The Sugarloaf Treasured Landscape Management Plan
On July 13th, after months of review, numerous workshops and a public hearing, the Frederick County Planning Commission voted to approve the Sugarloaf Treasured Landscape Management Plan (also see accompanying memo) and send it to the County Council. The Sugarloaf plan is the first area plan to be developed under the Livable Frederick Master Plan (LFMP) process and will help to implement the vision of the LFMP. The County Council will hold its first in a series of workshops about the Sugarloaf plan on July 26th, will eventually hold a public hearing and then vote to approve.
As the name suggests, the Sugarloaf Plan is about preserving a treasured landscape. Its goals are to:
- Protect and enhance the Sugarloaf Area’s natural resources and environmental assets, including its forests, waters, biodiversity, and wildlife habitats.
- Strengthen the distinct place-based identity of the Sugarloaf Area through the stewardship of its scenic and rural character, and its agricultural and cultural resources.
- Foster resilient relationships between the natural and built environment through the mitigation of, and adaptation to, climate change.
To keep track of and participate in the discussion of the Sugarloaf Treasured Landscape Management Plan at the County Council meetings, watch their schedule and Agendas. Also note, a Community Meeting for the Public by Planning staff will be held on August 18, 2022 from 5:00 pm – 8:00 pm at Urbana High School.
The South Frederick Corridors Plan
On the same day the Planning Commission approved the Sugarloaf Plan, they also held a workshop with staff regarding the South Frederick Corridors Plan (SFCP), the second area plan of the LFMP implementation process. The South Frederick Corridors are the corridors of Rt. 85 and Rt. 355 extending south from the southern border of Frederick City, toward Buckeystown and the Monocacy, respectively.
Currently, the South Frederick Corridors primarily contain commercial and light industrial uses. The Corridors aspirational Plan envisions a redevelopment of the area, transforming it into a vibrant urban center that, among other things, will allow for an additional 10,000 multifamily housing units mixed in with commercial and light industrial uses. Allowing this amount of housing in this area, which is already extensively paved over and has infrastructure, will help preserve farmlands and open spaces, while helping to meet the needs of the county’s anticipated future growth.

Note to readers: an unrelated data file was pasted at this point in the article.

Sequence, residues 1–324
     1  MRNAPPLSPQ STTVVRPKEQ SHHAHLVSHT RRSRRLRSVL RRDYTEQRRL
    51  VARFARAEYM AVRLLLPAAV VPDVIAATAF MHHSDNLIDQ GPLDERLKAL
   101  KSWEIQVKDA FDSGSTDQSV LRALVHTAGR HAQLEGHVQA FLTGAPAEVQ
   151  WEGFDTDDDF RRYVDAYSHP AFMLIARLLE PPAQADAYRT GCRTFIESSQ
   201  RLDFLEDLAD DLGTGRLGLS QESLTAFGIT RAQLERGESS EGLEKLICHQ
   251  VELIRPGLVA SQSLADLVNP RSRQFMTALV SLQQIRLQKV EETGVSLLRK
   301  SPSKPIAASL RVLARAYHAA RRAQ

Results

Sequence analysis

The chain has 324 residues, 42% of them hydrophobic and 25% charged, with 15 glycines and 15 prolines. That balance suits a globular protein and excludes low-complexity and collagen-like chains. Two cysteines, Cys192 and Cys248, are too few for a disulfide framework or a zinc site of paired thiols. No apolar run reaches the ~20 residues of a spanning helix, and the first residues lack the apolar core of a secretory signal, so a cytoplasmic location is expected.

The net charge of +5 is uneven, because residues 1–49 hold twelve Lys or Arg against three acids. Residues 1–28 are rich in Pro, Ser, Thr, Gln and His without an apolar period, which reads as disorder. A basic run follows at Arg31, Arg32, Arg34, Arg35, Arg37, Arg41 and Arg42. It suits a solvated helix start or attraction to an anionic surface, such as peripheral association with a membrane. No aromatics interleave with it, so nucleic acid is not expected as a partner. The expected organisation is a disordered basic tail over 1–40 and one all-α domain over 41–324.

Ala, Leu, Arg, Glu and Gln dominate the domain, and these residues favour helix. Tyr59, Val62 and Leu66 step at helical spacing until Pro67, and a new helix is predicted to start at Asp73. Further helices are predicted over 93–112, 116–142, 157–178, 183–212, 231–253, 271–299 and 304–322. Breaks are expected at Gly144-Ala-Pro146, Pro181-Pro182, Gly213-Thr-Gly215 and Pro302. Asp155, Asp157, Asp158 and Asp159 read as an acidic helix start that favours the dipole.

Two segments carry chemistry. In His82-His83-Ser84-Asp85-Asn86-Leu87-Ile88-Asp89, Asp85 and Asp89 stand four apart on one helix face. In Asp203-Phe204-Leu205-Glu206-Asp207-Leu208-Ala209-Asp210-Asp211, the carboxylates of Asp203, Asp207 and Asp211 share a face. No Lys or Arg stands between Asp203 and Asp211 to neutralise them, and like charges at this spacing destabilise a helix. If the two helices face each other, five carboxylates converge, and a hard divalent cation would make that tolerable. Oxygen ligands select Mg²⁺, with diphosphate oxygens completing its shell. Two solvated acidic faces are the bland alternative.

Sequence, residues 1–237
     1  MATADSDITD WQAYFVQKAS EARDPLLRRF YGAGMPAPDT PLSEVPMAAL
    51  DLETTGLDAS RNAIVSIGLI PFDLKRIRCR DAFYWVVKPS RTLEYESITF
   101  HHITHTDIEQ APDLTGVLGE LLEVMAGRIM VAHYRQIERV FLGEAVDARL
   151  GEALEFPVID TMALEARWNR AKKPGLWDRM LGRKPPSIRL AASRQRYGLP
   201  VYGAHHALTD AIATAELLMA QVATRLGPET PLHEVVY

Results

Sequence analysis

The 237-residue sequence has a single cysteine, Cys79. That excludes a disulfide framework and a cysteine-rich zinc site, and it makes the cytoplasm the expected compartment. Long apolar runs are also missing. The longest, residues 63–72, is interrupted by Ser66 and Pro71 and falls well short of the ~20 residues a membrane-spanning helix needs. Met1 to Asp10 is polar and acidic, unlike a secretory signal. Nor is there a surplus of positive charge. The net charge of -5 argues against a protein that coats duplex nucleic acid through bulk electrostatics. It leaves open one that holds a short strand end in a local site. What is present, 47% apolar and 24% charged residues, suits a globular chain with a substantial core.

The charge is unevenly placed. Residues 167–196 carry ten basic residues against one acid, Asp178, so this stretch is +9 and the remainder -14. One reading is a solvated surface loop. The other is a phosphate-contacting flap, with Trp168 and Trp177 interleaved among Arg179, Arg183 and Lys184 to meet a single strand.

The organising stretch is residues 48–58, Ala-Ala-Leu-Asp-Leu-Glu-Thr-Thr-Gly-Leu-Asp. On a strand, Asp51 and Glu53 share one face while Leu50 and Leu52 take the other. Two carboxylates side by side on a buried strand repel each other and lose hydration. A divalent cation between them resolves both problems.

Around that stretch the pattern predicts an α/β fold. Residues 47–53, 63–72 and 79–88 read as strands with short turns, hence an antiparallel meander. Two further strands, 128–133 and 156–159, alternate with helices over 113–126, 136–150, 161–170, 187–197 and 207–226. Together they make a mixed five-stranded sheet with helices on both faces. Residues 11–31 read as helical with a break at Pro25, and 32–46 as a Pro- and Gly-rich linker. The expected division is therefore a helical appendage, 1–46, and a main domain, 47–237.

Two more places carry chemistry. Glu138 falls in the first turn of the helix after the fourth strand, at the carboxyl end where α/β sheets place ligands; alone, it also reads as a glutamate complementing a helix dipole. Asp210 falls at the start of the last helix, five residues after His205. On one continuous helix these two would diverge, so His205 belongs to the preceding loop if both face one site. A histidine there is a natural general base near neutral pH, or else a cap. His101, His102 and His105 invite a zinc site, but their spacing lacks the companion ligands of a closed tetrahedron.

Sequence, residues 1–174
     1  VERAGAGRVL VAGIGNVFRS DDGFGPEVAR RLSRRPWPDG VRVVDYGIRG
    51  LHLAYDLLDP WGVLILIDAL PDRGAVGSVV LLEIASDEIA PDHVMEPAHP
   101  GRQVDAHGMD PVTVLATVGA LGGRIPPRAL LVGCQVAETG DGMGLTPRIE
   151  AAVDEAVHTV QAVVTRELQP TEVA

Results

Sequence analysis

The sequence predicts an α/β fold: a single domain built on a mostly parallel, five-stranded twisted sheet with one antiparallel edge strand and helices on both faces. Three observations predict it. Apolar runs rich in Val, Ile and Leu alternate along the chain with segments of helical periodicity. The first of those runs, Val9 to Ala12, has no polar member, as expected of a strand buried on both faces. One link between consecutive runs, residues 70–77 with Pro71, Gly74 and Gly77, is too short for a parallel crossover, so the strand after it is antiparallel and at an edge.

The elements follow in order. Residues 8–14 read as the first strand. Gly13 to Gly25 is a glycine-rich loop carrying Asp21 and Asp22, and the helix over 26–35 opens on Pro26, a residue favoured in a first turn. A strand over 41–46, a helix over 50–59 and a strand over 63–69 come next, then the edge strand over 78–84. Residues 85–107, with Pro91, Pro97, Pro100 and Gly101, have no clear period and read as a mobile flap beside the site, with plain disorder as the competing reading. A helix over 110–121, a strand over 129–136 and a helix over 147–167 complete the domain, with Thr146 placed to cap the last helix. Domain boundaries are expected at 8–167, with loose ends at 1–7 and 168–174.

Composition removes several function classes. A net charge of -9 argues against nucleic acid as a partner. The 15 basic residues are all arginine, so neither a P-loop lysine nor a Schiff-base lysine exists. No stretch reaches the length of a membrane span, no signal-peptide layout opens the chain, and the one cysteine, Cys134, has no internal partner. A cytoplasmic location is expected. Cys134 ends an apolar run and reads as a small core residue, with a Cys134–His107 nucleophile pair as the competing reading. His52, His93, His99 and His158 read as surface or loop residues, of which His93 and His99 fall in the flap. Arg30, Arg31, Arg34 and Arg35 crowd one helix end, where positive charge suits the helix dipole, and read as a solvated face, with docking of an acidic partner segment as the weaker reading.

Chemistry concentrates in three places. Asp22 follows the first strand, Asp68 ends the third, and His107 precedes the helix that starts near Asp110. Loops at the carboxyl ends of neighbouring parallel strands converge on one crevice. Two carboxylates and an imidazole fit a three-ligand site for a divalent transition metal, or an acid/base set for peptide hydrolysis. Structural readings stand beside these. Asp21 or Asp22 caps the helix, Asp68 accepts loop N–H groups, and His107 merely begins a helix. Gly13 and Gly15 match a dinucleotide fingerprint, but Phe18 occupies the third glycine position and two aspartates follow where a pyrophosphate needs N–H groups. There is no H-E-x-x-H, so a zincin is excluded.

Some areas may have very dense housing, but much of the housing will focus on moderately dense “missing middle” types of housing. The goal is to offer a diverse range of housing types that offer more affordable options for our workforce and seniors. With the housing being mixed in among commercial uses and businesses, residents can be close to amenities and their workplaces.
To move about this area from housing to businesses and back, the plan envisions a network of multimodal trails that will help make the area walkable and bike friendly, as well as a robust public transit system. The goal is to move this area away from being car centric, but the plan also includes a reconfiguration of roads to move car traffic more efficiently within the corridors as well as to and from surrounding areas. Greenspaces and parks will also be interspersed through the area to provide an aesthetically pleasing, healthy, and environmentally friendly urban setting.
The two plans are very different, but they have one goal: to help create and sustain a livable Frederick County. In many ways, the plans complement each other, the yin and yang of a holistic approach to planning for the future of our county.